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Venture Richmond awards 10 grants to Broad Street businesses

Holly Rodriguez | 9/22/2022, 6 p.m.
When the Department of Housing and Community Development awarded Venture Richmond a $100,000 grant, the agency suggested the grantee focus ...

When the Department of Housing and Community Development awarded Venture Richmond a $100,000 grant, the agency suggested the grantee focus on resurgence grants, with a focus on neighborhood revitalization.

The group decided to award 10 grants worth $10,000 each to small businesses willing to relocate to Broad Street. Venture Richmond conducted an outreach marketing effort to attract businesses to Broad, and directly worked with property owners who would have locations ready to move in between Jan. 1 and May 15, 2022.

“This is the first time we’ve done anything like this,” said Lucy Meade, director of economic development and community relations for Venture Richmond.

“Grants were given on a first-come, first-served basis,” Ms. Meade said. “Applicants had to have a business license, certificate of occupancy and a signed lease.”

As a part of the marketing effort, Venture Richmond partnered with the Metropolitan Business League for a tenant recruitment fair.

Ticeses Teasley, founder of Nurturing Minds and Therapy Undefeated, is one of the grant recipients and among the new tenants, located at 420 W. Broad St. Her organization provides parenting, peer, and trauma-healing groups with a focus on services to heal families. A certified mental health professional, one of her programs is a student-run cafe for social and emotional learning.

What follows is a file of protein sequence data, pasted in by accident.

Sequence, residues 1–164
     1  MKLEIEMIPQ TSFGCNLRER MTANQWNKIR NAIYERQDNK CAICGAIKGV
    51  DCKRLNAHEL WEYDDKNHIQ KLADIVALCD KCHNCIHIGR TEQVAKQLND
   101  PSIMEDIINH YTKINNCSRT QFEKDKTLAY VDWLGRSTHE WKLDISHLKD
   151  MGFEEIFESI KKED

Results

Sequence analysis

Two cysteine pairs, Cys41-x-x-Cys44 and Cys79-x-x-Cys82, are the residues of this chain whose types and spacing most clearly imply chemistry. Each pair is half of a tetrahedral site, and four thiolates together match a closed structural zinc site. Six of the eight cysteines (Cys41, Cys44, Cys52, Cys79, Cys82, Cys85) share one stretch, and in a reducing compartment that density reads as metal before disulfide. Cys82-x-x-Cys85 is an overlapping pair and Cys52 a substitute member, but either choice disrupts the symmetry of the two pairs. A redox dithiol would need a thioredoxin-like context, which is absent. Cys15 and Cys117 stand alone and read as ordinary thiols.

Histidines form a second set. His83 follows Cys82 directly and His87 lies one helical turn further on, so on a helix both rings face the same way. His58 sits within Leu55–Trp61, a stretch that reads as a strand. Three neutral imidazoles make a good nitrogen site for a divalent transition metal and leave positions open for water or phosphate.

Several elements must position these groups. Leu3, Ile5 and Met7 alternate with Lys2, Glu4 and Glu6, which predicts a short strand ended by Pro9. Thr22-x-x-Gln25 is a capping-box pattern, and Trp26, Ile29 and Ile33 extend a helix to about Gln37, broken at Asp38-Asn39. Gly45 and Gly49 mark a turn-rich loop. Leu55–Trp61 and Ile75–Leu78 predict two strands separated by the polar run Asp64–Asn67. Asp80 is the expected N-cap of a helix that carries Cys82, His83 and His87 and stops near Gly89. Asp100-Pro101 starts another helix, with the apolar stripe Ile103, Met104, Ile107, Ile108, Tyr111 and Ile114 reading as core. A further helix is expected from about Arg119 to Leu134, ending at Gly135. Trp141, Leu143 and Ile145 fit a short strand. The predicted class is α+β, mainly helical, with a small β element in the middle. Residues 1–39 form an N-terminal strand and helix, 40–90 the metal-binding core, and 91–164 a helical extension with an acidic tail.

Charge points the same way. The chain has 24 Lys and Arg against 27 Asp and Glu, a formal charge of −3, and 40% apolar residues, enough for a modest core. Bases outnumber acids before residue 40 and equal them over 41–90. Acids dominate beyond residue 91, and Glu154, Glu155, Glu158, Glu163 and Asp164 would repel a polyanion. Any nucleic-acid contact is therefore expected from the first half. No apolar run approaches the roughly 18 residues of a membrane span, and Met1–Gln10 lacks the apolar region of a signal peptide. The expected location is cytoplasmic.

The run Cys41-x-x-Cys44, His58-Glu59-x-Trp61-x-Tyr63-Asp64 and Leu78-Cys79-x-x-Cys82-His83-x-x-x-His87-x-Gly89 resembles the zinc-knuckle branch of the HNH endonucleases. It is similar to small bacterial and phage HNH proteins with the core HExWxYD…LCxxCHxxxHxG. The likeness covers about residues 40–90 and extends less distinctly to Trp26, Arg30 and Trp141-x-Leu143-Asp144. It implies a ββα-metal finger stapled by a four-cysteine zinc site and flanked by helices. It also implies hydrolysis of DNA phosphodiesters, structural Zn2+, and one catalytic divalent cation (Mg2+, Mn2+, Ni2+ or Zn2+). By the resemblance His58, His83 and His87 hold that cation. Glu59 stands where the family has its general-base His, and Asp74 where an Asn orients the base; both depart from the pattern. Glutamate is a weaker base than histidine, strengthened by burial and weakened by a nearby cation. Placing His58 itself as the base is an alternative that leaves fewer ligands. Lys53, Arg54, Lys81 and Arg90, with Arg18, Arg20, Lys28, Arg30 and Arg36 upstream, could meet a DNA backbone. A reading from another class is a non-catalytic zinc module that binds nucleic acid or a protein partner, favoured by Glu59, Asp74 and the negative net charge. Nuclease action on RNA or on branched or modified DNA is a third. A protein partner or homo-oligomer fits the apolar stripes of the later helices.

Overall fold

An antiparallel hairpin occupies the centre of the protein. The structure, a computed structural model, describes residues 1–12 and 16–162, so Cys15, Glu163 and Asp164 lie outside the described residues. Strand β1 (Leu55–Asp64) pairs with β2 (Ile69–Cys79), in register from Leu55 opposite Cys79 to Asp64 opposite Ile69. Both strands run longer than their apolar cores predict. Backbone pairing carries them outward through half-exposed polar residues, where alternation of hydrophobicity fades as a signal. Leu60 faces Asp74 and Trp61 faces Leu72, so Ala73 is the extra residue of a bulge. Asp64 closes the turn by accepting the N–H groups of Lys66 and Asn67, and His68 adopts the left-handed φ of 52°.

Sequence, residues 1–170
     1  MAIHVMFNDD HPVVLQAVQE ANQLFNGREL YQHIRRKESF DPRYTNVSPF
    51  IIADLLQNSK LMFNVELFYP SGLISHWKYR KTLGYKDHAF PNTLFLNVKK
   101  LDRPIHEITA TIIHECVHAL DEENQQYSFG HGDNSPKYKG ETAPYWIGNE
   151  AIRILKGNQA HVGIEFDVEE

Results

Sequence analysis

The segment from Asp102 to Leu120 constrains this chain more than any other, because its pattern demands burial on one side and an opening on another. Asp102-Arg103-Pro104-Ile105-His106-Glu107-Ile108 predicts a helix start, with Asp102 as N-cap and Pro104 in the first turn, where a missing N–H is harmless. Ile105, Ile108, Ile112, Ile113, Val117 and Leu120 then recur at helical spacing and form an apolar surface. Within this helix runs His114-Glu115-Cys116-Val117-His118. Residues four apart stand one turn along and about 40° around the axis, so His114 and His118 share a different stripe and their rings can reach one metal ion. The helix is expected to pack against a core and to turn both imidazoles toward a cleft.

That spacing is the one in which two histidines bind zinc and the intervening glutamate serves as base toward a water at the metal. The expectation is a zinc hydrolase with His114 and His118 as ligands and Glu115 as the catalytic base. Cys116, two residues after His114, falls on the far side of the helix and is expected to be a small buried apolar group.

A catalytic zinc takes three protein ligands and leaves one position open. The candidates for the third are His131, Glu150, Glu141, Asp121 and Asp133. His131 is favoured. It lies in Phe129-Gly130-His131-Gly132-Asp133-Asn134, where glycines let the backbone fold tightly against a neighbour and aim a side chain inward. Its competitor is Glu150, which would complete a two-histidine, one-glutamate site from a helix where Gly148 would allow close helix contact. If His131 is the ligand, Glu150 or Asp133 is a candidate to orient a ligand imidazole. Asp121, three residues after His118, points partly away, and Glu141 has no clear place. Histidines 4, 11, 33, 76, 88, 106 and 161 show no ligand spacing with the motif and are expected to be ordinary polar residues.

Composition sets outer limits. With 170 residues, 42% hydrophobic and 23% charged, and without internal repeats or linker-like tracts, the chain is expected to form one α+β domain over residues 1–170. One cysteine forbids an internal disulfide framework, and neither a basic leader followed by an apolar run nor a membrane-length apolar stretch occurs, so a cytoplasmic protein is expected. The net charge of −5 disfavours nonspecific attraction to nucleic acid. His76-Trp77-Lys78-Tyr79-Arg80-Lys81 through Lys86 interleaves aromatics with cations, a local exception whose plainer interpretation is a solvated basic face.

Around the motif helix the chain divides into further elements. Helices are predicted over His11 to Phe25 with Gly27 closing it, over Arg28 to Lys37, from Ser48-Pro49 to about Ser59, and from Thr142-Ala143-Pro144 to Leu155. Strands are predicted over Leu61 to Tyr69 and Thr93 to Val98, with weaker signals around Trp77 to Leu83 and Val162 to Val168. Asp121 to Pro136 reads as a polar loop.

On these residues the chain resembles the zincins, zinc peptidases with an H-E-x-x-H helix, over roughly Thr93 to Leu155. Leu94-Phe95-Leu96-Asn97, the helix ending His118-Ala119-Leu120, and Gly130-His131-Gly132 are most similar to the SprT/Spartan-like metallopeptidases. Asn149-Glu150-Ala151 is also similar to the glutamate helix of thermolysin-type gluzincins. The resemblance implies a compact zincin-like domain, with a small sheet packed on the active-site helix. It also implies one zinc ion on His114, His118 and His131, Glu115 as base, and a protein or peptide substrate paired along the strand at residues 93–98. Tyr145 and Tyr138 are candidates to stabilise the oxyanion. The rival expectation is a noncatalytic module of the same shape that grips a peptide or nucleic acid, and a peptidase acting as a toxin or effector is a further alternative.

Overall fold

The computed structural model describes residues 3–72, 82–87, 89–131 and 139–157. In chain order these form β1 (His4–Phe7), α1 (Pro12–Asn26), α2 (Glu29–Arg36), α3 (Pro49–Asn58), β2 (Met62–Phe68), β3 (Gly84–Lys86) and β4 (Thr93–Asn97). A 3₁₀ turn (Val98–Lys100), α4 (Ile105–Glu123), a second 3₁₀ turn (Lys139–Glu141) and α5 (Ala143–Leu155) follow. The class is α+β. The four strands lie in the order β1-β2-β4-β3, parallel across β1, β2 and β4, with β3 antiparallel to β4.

Ms. Teasley said she was attracted to the Broad Street location to better serve her clients.

“It is on the bus line, so it is a great central location to better serve the community,” Ms. Teasley said. While the organization is currently located at the storefront part of the building, she has plans to stay awhile and grow.

“I want to eventually take over the entire building, expanding to provide youth lodging upstairs so the kids can have temporary housing there and work downstairs in the cafe,” she said.

Easier access to her clients also prompted Kenda Sutton-El, owner of Birth in Color, to relocate her business from

Richmond’s South Side to 115 E. Broad St. Her business focuses on raising awareness about maternal health and reproductive justice for Black women.

“It has been a better fit because it is a larger space,” said Ms. Sutton-El. “We can host all classes here without having to pay a fee; more people are showing up because we are more accessible; and overall, this meets our goal of being more accessible to underserved people in the community so they can enjoy what we offer,” she said.

Success and growth are what Venture Richmond envisions for the new tenants, Ms. Meade said. “We want businesses, particularly small business, to grow and hope the grants help them do something they wouldn’t have been able to do without it,” she said. “We want them to be successful.”

The other eight recipients of the $10,000 grants are:

• Charged Up

• Jolene

• Lavender Social Club

• Myselfierva

• Rushing Blooms

• RVA Hair Warehouse

• Sarah’s Den

• Taylor’s Barbershop